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Too many people have walked away from 5.56 wounds for my comfort. 7.62 is the way to go.
Garand type actions are much more reliable than AR's.
 

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Too many people have walked away from 5.56 wounds for my comfort. 7.62 is the way to go.
Garand type actions are much more reliable than AR's.
Having been shot 5 times one day with 7.62, and having seen first hand the damage done from about the same range with a 5.56, I am a solid 5.56 believer.

I still feel the 7.62s 40 years later, but the same hits from a 5.56 would have left me feeling nothing.

:tumbleweed:
 

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I love my M1A. Don't get to shoot it very often. I plan to collect all US Army main battle rifles. M16/M14/M1..etc. Maybe you could just do that, and not have to decide which one to get.
 

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Having been shot 5 times one day with 7.62, and having seen first hand the damage done from about the same range with a 5.56, I am a solid 5.56 believer.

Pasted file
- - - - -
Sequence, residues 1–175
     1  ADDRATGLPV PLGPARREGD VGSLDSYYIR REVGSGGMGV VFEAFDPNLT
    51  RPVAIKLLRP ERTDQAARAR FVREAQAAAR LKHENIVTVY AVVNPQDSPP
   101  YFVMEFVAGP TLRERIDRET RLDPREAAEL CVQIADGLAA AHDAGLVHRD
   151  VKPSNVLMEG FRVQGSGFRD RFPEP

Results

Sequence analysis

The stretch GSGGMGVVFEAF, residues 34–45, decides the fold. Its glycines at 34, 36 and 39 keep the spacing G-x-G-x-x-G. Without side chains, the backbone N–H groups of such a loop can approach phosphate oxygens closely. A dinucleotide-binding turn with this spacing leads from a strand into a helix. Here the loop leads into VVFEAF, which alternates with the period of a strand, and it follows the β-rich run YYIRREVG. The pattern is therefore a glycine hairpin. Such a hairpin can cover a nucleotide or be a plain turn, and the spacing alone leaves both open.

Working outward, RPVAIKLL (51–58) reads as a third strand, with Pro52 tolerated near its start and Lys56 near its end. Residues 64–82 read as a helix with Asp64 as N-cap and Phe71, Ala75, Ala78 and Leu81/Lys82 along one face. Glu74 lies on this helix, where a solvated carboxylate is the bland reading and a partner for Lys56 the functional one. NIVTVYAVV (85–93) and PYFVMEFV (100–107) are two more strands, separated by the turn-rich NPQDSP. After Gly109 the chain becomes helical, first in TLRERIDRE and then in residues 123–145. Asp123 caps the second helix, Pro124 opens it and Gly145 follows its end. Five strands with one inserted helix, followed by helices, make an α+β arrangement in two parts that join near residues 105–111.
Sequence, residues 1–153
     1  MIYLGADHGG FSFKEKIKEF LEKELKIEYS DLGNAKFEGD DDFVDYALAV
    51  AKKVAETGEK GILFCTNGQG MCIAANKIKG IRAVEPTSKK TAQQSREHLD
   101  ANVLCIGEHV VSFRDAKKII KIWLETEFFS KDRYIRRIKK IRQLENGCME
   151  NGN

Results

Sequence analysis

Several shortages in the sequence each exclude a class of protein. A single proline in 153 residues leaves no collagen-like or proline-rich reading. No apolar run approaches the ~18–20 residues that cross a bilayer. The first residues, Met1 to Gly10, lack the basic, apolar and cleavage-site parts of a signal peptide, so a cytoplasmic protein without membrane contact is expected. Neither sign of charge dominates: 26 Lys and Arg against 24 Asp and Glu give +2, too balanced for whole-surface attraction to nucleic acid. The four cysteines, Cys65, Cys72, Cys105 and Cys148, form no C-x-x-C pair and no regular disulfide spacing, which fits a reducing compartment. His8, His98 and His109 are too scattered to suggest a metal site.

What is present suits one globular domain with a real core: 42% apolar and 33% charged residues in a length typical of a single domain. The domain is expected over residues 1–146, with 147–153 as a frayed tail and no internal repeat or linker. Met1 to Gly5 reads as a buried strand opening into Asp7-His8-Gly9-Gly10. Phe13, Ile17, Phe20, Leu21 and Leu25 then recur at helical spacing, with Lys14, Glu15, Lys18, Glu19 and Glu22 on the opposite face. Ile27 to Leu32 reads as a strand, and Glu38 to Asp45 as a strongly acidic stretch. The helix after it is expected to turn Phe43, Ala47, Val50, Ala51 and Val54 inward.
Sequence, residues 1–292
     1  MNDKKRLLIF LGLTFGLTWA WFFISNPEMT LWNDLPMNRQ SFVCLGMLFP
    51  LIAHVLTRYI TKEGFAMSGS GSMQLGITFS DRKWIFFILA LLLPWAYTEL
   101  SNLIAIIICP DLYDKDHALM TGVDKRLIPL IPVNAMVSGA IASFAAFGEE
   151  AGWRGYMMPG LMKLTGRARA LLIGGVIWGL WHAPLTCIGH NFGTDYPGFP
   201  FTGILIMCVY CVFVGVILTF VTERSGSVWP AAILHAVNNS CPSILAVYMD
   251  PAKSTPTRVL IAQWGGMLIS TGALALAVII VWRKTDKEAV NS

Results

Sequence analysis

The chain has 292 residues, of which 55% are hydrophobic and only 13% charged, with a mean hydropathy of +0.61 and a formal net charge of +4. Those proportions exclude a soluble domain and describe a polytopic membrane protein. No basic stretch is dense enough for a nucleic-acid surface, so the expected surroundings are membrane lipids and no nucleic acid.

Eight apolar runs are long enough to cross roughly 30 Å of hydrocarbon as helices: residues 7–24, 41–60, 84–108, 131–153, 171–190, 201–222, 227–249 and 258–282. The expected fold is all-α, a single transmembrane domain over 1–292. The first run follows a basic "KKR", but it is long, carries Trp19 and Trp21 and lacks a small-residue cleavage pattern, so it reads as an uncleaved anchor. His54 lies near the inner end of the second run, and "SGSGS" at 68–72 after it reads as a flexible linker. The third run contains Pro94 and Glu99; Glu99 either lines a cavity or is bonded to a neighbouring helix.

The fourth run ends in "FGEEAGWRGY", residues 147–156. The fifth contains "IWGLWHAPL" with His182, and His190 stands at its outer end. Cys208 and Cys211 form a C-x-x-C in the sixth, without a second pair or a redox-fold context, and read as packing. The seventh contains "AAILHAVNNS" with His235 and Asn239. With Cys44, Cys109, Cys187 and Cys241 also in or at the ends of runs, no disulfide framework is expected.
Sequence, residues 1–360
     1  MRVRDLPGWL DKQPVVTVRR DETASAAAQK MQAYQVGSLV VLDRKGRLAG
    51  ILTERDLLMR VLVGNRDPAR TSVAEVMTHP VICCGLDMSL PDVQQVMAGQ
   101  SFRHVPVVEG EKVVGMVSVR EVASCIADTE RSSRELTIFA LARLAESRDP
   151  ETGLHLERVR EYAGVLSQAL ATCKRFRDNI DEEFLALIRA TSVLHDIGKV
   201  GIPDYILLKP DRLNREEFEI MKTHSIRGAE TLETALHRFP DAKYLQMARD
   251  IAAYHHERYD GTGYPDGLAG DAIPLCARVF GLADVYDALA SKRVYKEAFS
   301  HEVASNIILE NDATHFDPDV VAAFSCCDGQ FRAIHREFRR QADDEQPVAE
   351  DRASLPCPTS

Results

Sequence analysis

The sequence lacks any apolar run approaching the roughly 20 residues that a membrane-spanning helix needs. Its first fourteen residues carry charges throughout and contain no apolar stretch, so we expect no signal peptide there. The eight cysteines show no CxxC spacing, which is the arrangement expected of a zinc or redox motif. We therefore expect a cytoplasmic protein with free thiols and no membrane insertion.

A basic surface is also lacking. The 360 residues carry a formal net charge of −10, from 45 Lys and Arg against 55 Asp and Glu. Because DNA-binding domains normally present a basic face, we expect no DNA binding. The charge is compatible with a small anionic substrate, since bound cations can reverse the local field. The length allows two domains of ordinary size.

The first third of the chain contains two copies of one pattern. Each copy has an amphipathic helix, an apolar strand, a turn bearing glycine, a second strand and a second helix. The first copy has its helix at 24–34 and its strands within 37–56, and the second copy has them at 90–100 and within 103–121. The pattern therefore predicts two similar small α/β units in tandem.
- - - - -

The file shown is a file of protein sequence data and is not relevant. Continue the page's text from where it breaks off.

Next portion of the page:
I still feel the 7.62s 40 years later, but the same hits from a 5.56 would have left me feeling nothing.

:tumbleweed:
7.62x51? or 7.62x39?


And yes, You get hits in fragmentation range of the 5.56 round and it is quite impressive.
 

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M14/M1A or AR15

I've shot both, in combat, and while the AR15 has come a ways from the first issue it is still a weapon that requires constant attention to keep it reliable. When I was issued the AR15 I bought a 45 on the black market to carry as a backup, and yes, I needed it. If you want shoot all day reliability under harsh conditions go with the M1A. Accruate to 500m with iron sights, better penetration and great stopping power. At 9+ lbs it's no fun to hump and the weight of the ammo reduces your round count for a combat load.

There is another option however. The ruger Mini-14 is an M14 action in a 223. Popular as an open range or ranch rifle it offers M14 reliabiltiy with 223 ammo cost. Light, compact with multiple stock configurations, optics and options. The very best news is that the base config is around $600.00 and you can option it up from there. Gives you a small, 5-30 round, magazine fed carbine, in the lower cost 223. Add red dot optics to the 30 round mag and you have a pretty good urban defense package that can still drop a cyote at 300 meters or further with better optics. Great bang for the buck.